Chequemate: U.S. banks hold onto Finns' money for weeks
Getting a cheque cashed from across the Atlantic takes an age and costs a pretty penny
By Jyri Raivio
Case one: It was a splendid wedding, the bride looked gorgeous and the groom was dashing.
An uncle across the water in the U.S. of A. also came through and gave the happy couple a cheque drawn on a U.S. bank as a wedding present.
Only, basically... it would have been better if he hadn't.
Turning the bit of paper into digits on a Finnish bank statement took weeks and cost the earth.
Case two: Finnish citizen Mr. J. (initial not changed) had worked for years in the United States and had left some savings on deposit in an account over there with Bank of America (BofA).
Last spring, J. decided to repatriate the savings to Finland.
He wrote a cheque drawn on his American bank and on April 15th, he placed it in the hands of a Nordea branch to be claimed.
The friendly Nordea teller warned that the operation in question could take "quite some time" and that it might end up costing a fair bit into the bargain.
The customer sat back to watch the process unfold through the lens of his access codes to his online BofA account, and he noticed that a sum in dollars equivalent to that written on the cheque had been withdrawn from his Stateside account exactly one week after his visit to Nordea, on April 22nd.
Hence he prepared himself for the moment when the jolly greenbacks would appear on the foreign exchange account with Nordea that he had opened for the purpose.
They should be there any day now, he thought as he waited.
And waited and waited.
The money bubbled to the surface in the Nordea account only three weeks later, on May 14th.
The operation really did take a while, a month in all.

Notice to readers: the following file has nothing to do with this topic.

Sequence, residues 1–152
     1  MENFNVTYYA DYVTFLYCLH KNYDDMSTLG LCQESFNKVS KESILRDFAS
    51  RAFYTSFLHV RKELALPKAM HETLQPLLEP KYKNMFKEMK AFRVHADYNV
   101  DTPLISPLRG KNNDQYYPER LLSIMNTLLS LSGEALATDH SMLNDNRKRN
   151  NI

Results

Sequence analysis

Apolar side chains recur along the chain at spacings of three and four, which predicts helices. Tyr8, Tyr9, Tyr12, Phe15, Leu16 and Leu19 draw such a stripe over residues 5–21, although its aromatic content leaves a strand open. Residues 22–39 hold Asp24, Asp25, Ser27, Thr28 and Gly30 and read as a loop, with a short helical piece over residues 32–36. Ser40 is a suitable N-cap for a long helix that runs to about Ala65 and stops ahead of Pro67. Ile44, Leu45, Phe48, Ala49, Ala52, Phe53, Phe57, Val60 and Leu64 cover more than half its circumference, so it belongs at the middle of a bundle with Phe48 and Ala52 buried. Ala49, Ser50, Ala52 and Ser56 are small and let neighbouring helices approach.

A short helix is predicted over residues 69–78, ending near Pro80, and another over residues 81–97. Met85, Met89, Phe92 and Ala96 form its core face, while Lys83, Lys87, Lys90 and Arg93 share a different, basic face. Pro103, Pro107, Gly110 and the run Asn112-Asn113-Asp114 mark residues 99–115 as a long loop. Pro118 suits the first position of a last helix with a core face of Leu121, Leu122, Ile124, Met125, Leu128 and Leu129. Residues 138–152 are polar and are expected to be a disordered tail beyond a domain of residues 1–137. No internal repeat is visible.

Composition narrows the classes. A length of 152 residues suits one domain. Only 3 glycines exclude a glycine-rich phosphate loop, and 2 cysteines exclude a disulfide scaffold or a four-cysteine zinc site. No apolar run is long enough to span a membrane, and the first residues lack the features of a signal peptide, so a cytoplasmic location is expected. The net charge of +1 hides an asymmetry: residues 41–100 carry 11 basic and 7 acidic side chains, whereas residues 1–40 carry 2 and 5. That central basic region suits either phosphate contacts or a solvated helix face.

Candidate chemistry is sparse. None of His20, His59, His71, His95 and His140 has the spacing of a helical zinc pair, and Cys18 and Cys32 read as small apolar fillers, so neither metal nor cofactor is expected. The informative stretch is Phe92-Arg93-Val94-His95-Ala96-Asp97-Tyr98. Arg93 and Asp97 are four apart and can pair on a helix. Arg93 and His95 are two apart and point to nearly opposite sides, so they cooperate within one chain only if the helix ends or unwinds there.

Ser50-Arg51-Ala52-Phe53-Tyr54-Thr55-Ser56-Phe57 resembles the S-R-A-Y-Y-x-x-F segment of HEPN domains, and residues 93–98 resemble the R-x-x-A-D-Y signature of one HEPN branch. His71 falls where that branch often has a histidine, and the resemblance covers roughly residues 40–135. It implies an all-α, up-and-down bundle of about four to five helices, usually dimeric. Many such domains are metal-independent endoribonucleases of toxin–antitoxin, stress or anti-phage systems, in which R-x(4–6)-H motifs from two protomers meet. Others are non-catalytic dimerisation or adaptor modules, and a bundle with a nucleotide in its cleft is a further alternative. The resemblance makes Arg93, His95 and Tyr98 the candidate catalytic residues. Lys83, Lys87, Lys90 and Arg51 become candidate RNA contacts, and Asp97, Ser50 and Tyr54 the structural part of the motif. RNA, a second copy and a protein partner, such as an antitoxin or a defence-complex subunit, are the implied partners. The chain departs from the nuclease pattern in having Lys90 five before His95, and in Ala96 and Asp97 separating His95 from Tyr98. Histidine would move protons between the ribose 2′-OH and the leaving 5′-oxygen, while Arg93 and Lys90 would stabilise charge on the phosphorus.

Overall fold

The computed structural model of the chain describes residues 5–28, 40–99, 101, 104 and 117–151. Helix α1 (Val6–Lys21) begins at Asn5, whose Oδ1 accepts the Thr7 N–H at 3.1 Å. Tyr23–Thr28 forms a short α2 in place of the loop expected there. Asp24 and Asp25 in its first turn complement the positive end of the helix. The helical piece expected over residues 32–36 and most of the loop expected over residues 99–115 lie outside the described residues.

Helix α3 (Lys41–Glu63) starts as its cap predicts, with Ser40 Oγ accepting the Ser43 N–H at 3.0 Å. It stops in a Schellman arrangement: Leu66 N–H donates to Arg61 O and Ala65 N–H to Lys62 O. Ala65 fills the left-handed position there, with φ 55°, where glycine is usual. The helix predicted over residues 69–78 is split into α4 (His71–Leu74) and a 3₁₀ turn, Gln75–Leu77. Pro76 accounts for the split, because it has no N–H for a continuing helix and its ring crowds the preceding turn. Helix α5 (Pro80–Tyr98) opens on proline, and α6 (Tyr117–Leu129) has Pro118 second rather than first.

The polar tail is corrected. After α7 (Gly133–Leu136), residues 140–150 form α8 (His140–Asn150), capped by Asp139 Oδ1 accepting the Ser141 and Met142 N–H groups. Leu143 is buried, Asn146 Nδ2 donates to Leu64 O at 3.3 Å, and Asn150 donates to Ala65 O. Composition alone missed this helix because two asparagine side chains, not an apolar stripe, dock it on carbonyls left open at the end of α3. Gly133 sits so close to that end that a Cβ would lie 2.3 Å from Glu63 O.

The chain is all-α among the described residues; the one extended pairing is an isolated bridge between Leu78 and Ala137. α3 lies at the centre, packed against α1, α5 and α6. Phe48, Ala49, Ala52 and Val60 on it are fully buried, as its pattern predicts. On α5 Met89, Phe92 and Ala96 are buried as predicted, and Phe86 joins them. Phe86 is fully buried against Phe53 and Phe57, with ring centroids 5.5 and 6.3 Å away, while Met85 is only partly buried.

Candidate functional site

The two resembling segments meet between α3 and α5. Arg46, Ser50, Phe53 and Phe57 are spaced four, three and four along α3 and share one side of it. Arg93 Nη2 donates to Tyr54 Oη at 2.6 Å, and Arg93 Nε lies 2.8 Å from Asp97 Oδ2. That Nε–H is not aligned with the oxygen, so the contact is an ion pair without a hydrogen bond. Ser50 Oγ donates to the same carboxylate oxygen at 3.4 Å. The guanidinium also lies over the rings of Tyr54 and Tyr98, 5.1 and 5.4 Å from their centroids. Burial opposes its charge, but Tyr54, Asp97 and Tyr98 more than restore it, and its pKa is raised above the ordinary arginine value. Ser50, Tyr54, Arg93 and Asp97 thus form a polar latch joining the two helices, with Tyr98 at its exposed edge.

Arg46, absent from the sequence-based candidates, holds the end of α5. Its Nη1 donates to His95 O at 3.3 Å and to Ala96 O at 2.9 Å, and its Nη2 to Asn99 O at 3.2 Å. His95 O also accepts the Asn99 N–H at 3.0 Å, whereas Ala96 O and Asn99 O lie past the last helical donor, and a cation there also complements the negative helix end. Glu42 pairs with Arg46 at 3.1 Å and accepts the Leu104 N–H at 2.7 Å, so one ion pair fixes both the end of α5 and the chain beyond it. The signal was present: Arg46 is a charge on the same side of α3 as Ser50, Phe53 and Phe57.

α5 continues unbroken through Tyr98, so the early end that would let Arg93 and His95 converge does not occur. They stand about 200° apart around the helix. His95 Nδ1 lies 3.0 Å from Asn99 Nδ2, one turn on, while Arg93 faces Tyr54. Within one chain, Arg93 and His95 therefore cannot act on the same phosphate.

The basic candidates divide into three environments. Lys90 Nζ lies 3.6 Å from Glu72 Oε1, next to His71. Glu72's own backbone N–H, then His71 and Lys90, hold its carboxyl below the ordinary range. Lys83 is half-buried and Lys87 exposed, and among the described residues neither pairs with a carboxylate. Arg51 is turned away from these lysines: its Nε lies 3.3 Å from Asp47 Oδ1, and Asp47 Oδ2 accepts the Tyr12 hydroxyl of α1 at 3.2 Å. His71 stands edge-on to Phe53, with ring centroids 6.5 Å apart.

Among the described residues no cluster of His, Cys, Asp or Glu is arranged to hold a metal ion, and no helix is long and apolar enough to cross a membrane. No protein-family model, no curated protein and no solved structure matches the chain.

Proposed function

And just as had been promised, it also cost an arm and a leg.
Nordea charged USD 123.43 for the transfer, and the foreign bank a further 15 bucks.
At the current rate of exchange, the exercise involved costs to Mr. J of EUR 92.75.
After an experience like this, one question inevitably springs to mind.
Where was the money - already withdrawn from the U.S. account - hanging out for the three weeks before it made its reappearance, somewhat reduced?
"It certainly wasn't with us", said a shocked Merja Nieminen, from Nordea's International Private Banking.
She reports that the American banks involved in the process have stated that the cashing of a cheque and the transfer of funds takes four to six weeks.
According to Nieminen, the money is collected by the clearing bank used by Nordea in the States, namely Wachovia, a wholly owned financial services subsidiary of the familiar Wells Fargo, whose history in turn dates back to those famous Western movie stagecoaches.
Wachovia announces the day on which the money is electronically wired to Nordea, and Nieminen says that when it is, it will be on the client's account here the same day.
According to Nieminen, Nordea's own transcation charges arise out of the handwork required in facilitating the transfer. Letters are written and the cheque is sent by courier to the United States to be cashed.
So... the BofA money was hanging around on theWachovia account for three weeks and doing its bit to produce interest for Wachovia, and not for the money's rightful owner, Mr. J.
In addition ,the ESD 15.00 fee to the foreign bank went to Wachovia.
In spite of repeated urging from Nieminen at Nordea, Wachovia has in no shape or form justified to its partner Nordea exactly why the money needs to rest up in its account for such a long time.
The Financial Supervisory Authority (Finanssivalvonta), which is responsible for the supervision of Finland's financial and insurance sectors, does not interfere in any way in this kind of banking transaction, or certainly not if the party requiring oversight happens to be other than a bank operating in Finland.
"We do not have that kind of jurisdication over American banks", says risk specialist Markku Koponen from the FSA.
In Europe such hogging of other people's money should not happen, at least not after the launch of the Single Euro Payments Area (SEPA).
The banks in the United States enjoy a nice little earner from the transfers of money, including that belonging to Finnish clients.
according to Merja Nieminen at Nordea, such transactions, involving cheques come into Nordea on a daily basis, one or two each banking day.
This antiquated and expensive means of repatriating money has to be used even in the business world, because many of the companies' American business partners still rely on cheques, which we abandoned as museum-pieces or put up in gilt frames in the wall years ago.
Helsingin Sanomat / First published in print 26.10.2009
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JYRI RAIVIO / Helsingin Sanomat